Taking your children for a day at the farm?

Risks to children from E.coli infection from farm animals

source: Steve Connor
Independent April 22 2000 p9

Farm livestock pose a risk to young children, who can become infected with E.coli O157 bacteria, according to bacteriology professor, Hugh Pennington, from Aberdeen University, Scotland. Young children are more likely to touch animals which may have manure smeared on them, and are more likely to place their hands in their mouths. Young children are also vulnerable to E.coli infections, which can lead to kidney and brain damage. Some E.coli bacteria are not harmful, but E.coli O157 is a toxin-producing bacteria. It was first noted in the 1970s in the US, and later found in Britain, where it has become increasingly common.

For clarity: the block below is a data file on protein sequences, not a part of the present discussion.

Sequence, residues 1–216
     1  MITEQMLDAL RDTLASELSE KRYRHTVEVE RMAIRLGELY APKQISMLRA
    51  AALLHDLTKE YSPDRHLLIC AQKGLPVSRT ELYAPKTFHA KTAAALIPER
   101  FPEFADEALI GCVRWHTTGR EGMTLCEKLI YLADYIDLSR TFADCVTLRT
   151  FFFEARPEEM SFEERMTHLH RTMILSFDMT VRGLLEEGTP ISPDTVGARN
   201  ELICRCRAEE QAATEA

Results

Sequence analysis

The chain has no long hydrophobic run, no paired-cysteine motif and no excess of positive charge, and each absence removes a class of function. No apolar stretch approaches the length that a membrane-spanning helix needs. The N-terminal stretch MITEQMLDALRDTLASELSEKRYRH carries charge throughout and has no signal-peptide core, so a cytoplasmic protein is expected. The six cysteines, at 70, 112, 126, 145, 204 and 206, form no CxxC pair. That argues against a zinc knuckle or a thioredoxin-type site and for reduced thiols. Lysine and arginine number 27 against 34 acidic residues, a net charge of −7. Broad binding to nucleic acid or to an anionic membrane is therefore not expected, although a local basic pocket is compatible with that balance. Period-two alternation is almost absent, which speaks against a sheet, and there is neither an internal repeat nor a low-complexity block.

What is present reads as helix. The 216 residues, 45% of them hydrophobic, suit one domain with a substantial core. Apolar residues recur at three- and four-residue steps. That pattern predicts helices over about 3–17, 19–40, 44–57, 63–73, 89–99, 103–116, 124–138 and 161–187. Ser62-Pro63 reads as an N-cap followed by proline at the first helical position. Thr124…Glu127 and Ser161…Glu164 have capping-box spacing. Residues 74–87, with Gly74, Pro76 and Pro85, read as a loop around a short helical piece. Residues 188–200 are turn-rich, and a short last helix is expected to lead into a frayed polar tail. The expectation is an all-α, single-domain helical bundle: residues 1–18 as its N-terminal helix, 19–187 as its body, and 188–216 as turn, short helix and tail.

Ornamental farms and children's zoos, with small animals like rabbits, chickens and ducks are less dangerous to children. Ducks and chickens are not carriers of E.coli O157. They may have salmonella infections, but these are less easily transmissable, and result in less serious illnesses.